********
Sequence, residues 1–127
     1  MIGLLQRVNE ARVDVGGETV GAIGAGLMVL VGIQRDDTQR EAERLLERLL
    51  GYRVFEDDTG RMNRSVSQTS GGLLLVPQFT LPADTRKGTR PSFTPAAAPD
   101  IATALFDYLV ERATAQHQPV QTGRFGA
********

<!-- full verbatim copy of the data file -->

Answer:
Sequence, residues 1–127
     1  MIGLLQRVNE ARVDVGGETV GAIGAGLMVL VGIQRDDTQR EAERLLERLL
    51  GYRVFEDDTG RMNRSVSQTS GGLLLVPQFT LPADTRKGTR PSFTPAAAPD
   101  IATALFDYLV ERATAQHQPV QTGRFGA